Open Access Highly Accessed Research article

Multidisciplinary assessment of tako tsubo cardiomyopathy: a prospective case study

Micael Waldenborg2, Mona Soholat3, Anders Kähäri4, Kent Emilsson2 and Ole Fröbert1*

Author Affiliations

1 Department of Cardiology, Örebro University Hospital, Örebro, Sweden

2 Department of Clinical Physiology, Örebro University Hospital, Örebro, Sweden

3 Department of Psychiatry, Örebro University Hospital, Örebro, Sweden

4 Department of Radiology, Orebro University Hospital, Orebro, Sweden

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BMC Cardiovascular Disorders 2011, 11:14  doi:10.1186/1471-2261-11-14

Published: 9 April 2011



The cause of tako tsubo cardiomyopathy remains unclear. We used a multidisciplinary approach to investigate if a common pathophysiological denominator could be outlined.


Within 3 days following symptom presentation and again after 3 months we investigated all patients coming to our institution and diagnosed with tako-tsubo cardiomyopathy. Patients underwent extensive biochemical screening. Left ventricular function was evaluated by echocardiography and contrast-enhanced cardiac magnetic resonance imaging. Cardiac autonomic function was studied by heart rate variability and signal-averaged electrocardiogram and posttraumatic stress and depression were investigated by questionnaires (the Posttraumatic Stress Syndrome 10-Questions Inventory, PTSS-10 and the Montgomery-Åsberg depression rating scale, self rated version, MADRS-S).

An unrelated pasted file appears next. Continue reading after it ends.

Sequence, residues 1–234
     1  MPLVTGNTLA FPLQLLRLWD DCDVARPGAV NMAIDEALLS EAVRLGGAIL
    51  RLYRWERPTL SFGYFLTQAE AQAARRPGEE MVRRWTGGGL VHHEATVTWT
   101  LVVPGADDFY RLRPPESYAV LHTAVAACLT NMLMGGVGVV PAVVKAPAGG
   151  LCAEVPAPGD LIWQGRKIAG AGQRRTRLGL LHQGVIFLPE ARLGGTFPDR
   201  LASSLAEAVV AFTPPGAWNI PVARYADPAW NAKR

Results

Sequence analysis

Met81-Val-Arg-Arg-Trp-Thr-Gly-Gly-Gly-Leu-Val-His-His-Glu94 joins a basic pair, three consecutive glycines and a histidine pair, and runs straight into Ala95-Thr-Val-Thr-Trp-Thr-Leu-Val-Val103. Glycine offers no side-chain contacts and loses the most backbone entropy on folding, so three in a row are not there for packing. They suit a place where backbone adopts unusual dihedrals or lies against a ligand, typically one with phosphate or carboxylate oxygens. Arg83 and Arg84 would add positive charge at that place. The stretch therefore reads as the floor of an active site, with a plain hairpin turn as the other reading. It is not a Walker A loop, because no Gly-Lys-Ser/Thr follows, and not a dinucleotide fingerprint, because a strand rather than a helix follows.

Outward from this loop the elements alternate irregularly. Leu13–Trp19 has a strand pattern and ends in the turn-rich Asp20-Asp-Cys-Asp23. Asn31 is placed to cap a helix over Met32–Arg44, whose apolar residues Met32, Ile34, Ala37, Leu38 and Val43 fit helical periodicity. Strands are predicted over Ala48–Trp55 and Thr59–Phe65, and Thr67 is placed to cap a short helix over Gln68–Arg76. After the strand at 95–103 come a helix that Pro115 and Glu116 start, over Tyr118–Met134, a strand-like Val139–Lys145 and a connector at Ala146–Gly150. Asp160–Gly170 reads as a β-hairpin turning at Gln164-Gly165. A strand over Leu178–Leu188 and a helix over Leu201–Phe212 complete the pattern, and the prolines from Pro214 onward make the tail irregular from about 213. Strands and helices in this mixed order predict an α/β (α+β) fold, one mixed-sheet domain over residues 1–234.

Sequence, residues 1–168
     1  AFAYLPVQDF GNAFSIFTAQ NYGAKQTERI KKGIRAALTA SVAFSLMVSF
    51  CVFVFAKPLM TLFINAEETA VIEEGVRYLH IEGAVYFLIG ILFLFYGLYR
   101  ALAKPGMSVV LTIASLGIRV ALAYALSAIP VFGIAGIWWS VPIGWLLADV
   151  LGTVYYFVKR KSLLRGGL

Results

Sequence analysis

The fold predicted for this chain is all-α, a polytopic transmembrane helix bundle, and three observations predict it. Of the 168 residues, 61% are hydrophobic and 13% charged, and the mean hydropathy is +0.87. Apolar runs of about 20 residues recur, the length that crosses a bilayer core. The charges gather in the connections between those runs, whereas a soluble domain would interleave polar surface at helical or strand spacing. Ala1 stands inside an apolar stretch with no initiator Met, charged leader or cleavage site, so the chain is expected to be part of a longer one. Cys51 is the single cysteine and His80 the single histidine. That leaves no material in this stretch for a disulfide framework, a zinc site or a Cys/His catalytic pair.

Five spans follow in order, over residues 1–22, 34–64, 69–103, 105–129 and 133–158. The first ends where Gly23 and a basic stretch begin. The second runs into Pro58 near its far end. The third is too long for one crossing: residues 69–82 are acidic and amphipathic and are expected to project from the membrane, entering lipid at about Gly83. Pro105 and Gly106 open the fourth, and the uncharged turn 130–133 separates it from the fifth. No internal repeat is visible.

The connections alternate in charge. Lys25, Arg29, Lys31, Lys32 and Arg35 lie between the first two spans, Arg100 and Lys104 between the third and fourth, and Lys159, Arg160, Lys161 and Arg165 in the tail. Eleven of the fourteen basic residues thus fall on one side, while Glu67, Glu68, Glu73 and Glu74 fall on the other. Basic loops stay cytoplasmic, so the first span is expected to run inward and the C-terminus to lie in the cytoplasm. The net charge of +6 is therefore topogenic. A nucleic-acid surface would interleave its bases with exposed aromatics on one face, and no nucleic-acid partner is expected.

During 2 years, 13 consecutive patients were included. Markers of myocardial damage and heart failure were slightly to moderately elevated and ejection fraction (echocardiography and MRi) was moderately reduced at hospitalization and improved to normal values in all patients. Signal averaged ECG demonstrated a statistically significant shorter duration of the filtered QRS complex in the acute phase as compared to follow-up. In heart rate variability analysis, SDNN and SDANN were shorter acutely compared to follow-up. Two patients fulfilled criteria for posttraumatic stress syndrome while 7 patients were in the borderline zone. There was a statistically significant inverse correlation between PTSS-10 score and QRS duration in the signal-averaged ECG (r = -0.66, P = 0.01).


Patients with tako tsubo cardiomyopathy have altered cardiac autonomic function and a high incidence rate of borderline or definite posttraumatic stress syndrome acutely. This is in line with findings in patients with myocardial infarction and does not allow conclusions on cause and effect.